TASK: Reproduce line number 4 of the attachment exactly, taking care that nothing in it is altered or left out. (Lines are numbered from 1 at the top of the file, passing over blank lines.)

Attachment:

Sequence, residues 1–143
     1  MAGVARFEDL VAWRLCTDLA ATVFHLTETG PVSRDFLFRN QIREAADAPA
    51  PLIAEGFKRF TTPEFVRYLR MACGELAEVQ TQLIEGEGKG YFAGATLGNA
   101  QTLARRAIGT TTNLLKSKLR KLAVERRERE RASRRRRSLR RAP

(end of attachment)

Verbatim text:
   101  QTLARRAIGT TTNLLKSKLR KLAVERRERE RASRRRRSLR RAP